Selling ‘Alina’ at the Castle

I have now met with the chairman of The Friends of Oystermouth Castle and made arrangements for Alina, The White Lady of Oystermouth to be sold at Oystermouth Castle.

I am dropping off my entire stock (currently 85 books) with the treasurer the night before the grand re-opening, so it can be taken to the castle in the morning and laid out with all their other stock on a table in the castle gateway. I am going to be there within an hour of the opening, and walk round the grounds wearing my Alina t-shirt and handing out postcards advertising the book.

I can’t sell the book myself, as I don’t have permission from the council, who are running the day. But I can point people to the table where the Friends are selling it. My daughter Aggi and her boyfriend Al are taking me down, and she has offered to help too.

I’m actually concerned that I might not have enough books! Wouldn’t that be great! And then it will be sold by the Friends every day until the castle closes at the end of September. And then again next year, I hope. Who knows, by then, there might be a second book!


Planning for the Re-opening of Oystermouth Castle

As the Council’s event announcement says, on 16th June:

Celebrate the castle’s official re-opening with our spectacular medieval tournament and re-enactments. Let the children explore the castle and its grounds, complete with medieval sports, live music, fire juggling, storytelling and arts and crafts. Guided tours of the castle available.

The castle has had a £3.1 million conservation project, which has seen the Visitor’s Centre put inside the chapel, and a glass bridge constructed so that visitors can access the chapel top floor, but still have a clear view from below. Much restoration and conservation work has been done, including improvements to the grounds, and better access.

The chapel has been named ‘Alina’s chapel’, but until now there was no detailed information about who Alina was. My book, Alina, The White Lady of Oystermouth fills that need, and will be sold inside the castle. I have produced a poster linking the book to the re-opening, which will be distributed in the next week to all local outlets selling the book.

News and Reviews

I am shocked to find that I haven’t posted here for a month – my apologies if you’re following. It doesn’t mean nothing has been happening, but I have taken the opportunity to return to my sci-fi writing, before the next push.

The great news is that my initial print run of 200 has sold out! There are still books out in the shops, but I have only a couple of copies at home, so I have to work out how many to print on the second run. The major factor in this is the re-opening of Oystermouth Castle.

As reported on the council web site, Oystermouth Castle has had a major refurbishment, and will have a grand re-opening on 16th June, with a medieval tournament and re-enactment. I plan to be there and advertise the book to the public, and either sell copies, or point customers to the stall where they can buy it. Final details will be worked out in a meeting with the chairman of the Friends of Oystermouth Castle, Roger Parmiter, on 1st June.

I’m producing a poster to tie my book in with the re-opening, which I’ll distribute to the shops in the next week or two. I’ve also ordered postcards to hand out.

As for reviews: there aren’t any. I haven’t sold many ebooks, where people are likely to be prompted to review it, and the people who buy print books, aren’t necessarily ones who are web-savvy. So a plea to all my friends and followers – please review the book. I’m not asking for falsely good reviews – please be honest – but I hope you genuinely liked it, and it would be great to tell the world.

You can review the ebook on Smashwords.

You can review the ebook and the print book on Amazon.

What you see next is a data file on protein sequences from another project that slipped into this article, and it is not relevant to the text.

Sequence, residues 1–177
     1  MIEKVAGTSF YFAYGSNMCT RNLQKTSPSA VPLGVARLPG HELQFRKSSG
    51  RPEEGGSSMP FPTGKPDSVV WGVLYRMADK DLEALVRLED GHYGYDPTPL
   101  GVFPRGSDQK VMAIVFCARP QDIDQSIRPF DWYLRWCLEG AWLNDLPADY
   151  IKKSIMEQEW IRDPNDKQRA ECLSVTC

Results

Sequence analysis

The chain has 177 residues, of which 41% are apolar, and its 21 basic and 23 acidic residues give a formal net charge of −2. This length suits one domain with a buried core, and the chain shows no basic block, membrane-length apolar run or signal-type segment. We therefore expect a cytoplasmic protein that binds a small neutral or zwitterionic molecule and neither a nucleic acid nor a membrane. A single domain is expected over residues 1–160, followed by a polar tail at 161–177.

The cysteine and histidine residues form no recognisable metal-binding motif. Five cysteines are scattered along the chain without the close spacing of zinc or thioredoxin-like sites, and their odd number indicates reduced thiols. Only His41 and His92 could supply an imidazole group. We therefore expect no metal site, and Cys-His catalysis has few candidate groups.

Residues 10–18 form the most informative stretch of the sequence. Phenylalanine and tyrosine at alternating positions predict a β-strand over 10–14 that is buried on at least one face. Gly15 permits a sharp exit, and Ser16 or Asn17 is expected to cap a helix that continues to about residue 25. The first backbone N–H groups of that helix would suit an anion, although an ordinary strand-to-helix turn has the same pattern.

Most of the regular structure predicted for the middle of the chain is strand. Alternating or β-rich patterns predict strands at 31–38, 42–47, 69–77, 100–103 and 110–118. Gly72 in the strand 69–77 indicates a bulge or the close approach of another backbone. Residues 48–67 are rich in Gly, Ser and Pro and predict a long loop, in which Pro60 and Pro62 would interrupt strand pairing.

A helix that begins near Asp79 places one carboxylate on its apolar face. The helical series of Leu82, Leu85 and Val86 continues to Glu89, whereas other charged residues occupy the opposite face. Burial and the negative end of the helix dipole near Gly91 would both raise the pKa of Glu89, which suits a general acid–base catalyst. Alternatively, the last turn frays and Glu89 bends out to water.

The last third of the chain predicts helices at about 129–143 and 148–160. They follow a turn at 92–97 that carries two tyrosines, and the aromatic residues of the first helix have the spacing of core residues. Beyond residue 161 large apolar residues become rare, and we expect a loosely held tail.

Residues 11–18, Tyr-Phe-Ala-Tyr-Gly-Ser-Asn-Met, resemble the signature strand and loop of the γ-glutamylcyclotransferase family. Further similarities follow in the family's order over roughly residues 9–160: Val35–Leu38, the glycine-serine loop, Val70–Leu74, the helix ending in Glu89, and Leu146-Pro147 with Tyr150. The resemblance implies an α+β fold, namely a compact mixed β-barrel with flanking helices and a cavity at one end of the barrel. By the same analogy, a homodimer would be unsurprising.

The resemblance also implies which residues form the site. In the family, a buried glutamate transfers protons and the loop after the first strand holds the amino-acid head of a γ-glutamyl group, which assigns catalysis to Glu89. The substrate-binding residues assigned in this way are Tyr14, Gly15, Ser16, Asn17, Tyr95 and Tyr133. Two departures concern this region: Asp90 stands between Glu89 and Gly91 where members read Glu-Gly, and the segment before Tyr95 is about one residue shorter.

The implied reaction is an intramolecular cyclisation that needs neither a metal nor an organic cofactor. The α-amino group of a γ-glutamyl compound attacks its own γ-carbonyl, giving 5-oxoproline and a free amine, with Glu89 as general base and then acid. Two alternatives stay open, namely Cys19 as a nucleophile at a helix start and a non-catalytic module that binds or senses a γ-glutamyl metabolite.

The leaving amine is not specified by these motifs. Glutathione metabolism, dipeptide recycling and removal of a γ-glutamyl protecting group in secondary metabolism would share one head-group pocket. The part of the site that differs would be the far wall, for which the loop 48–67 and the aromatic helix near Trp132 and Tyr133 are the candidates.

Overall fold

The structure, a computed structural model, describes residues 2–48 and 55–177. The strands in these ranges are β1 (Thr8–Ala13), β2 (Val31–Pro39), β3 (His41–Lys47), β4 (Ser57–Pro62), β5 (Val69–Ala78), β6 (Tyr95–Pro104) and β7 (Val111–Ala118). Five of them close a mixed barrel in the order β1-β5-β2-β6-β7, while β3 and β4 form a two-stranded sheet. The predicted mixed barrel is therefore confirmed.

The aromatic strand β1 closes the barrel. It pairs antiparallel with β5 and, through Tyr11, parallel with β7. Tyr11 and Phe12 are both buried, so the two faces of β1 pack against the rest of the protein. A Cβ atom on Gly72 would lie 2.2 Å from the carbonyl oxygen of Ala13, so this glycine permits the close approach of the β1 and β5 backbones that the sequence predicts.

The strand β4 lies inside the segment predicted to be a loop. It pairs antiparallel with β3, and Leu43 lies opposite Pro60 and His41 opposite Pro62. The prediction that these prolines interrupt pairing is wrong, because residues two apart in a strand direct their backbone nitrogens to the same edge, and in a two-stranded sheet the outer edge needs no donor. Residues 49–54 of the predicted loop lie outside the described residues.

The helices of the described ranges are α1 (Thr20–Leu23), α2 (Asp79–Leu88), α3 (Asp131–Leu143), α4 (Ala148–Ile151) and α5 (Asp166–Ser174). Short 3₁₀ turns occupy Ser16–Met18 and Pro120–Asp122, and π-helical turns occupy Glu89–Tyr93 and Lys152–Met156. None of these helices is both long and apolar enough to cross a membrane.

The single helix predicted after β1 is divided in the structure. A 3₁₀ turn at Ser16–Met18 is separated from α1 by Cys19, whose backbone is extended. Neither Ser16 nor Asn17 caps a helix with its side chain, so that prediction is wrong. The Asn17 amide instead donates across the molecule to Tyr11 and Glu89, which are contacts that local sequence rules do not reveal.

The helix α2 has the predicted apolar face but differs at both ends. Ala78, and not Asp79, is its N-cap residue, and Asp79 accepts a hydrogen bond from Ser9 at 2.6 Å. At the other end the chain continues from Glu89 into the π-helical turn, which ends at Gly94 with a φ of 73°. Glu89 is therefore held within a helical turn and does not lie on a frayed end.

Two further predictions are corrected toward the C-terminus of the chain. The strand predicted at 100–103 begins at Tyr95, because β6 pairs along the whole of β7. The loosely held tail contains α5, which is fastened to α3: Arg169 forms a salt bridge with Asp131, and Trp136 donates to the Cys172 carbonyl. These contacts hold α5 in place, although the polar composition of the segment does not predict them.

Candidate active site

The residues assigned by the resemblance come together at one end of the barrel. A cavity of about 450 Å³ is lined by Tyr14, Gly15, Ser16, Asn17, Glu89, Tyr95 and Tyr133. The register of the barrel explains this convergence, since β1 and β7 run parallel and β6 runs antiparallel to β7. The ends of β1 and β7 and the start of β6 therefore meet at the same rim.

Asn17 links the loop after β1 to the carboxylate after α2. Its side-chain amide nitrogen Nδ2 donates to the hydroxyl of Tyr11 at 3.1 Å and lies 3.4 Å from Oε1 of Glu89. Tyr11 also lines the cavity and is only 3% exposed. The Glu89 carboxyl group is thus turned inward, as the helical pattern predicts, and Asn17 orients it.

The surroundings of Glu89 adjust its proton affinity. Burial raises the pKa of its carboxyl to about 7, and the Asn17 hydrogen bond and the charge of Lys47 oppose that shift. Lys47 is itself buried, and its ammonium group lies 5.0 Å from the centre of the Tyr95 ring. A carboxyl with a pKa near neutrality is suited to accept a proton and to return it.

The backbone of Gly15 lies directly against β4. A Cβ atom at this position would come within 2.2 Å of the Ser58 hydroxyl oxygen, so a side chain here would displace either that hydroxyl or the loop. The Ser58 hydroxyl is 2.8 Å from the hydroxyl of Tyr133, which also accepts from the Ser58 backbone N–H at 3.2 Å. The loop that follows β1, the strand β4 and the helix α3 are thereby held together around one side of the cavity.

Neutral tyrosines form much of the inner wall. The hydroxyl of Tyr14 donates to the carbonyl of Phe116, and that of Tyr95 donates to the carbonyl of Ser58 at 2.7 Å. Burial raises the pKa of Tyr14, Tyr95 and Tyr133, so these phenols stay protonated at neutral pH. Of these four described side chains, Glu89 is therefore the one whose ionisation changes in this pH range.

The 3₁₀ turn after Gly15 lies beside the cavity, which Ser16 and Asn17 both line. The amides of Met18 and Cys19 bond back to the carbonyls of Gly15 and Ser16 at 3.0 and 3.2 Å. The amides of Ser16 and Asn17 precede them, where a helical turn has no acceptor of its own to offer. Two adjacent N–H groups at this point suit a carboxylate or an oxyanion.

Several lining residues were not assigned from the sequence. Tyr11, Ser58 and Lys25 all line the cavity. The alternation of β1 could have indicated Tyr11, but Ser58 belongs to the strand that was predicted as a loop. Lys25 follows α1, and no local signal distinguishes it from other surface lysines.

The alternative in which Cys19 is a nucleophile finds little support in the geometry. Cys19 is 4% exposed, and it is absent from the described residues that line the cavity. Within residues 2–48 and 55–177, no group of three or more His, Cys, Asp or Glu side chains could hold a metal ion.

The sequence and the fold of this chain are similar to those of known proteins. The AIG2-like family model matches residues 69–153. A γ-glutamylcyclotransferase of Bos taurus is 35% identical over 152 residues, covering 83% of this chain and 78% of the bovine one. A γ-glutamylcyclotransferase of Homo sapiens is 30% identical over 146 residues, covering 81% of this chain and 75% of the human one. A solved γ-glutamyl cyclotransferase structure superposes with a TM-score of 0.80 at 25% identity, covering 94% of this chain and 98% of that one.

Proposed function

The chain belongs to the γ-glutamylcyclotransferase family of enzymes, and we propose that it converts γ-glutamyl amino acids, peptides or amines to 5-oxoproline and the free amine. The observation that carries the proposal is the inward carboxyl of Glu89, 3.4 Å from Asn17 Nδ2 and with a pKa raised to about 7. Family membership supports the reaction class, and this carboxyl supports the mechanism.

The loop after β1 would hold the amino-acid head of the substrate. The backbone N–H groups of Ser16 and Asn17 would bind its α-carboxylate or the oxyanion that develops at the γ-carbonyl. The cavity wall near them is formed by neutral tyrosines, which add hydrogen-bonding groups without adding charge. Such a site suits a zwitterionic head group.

Llewelyn Bren

Llewelyn Bren, or Llewelyn ap Gruffudd ap Rhys, was a Welsh nobleman of Senghenydd who led a revolt in Wales against King Edward II, in 1316. This was one of the last serious revolts of the Welsh against their English (Norman) rulers. His seven sons took part in the revolt too.

When Gilbert de Clare, Lord of Glamorgan, died at the battle of Bannockburn in 1314, it left a power vacuum. The various people who took over treated the Welsh very badly, at a time when they were already suffering with a famine. Llewelyn appealed to the king, but the king accused him of treason, and he rose in revolt, attacking Caerphilly Castle.

Unable to capture the castle, Llewelyn and his men started a seige. They burned the town and slaughtered some of the inhabitants. As the revolt spread, Kenfig and Llantrisant castles were sacked and many other castles attacked. Towns like Cardiff were raided and buildings burned throughout Glamorgan and Gwent. The king called on Humphrey de Bohun, Earl of Hereford and Lord of Brecon, to put down the uprising. He gathered troops from a wide area, and the support of Thomas, Earl of Lancaster and Roger Mortimer. (These three figure large in the story of Alina and the rebellion of her husband in 1320 in my book Alina: The White Lady of Oystermouth).

The forces were so overwhelming that Llewelyn surrendered to Hereford and begged that his followers not be punished, taking all the blame on himself. This earned the respect of Hereford and Mortimer, who pleaded his case with the king. Most of his followers were indeed pardoned, and Hereford and Mortimer promised to intercede with the king on his behalf.

He was sent with his family to the Tower of London, but then became a prisoner of Hugh le Despenser the Younger, the king’s favourite and rapacious land-grabber. In 1317 he had become the Lord of Glamorgan and the largest land owner in the Welsh Marches. Without consulting the king, Despenser moved Llewelyn to Cardiff Castle and had him hung, drawn and quartered without trial. He also imprisoned Llewelyn’s wife Lleucu and some of her sons in Cardiff Castle.

Despenser’s treatment of Llewelyn enraged both the Welsh and Marcher Lords, who joined together to petition the king against Despenser. When the heir to the Lordship of Gower rebelled against the king, the other Lords joined him. The rebellion which followed managed to free Llewelyn’s family and get Despenser and his father exiled, until the king was able to raise a large enough force to counter-attack and put the rebellion down.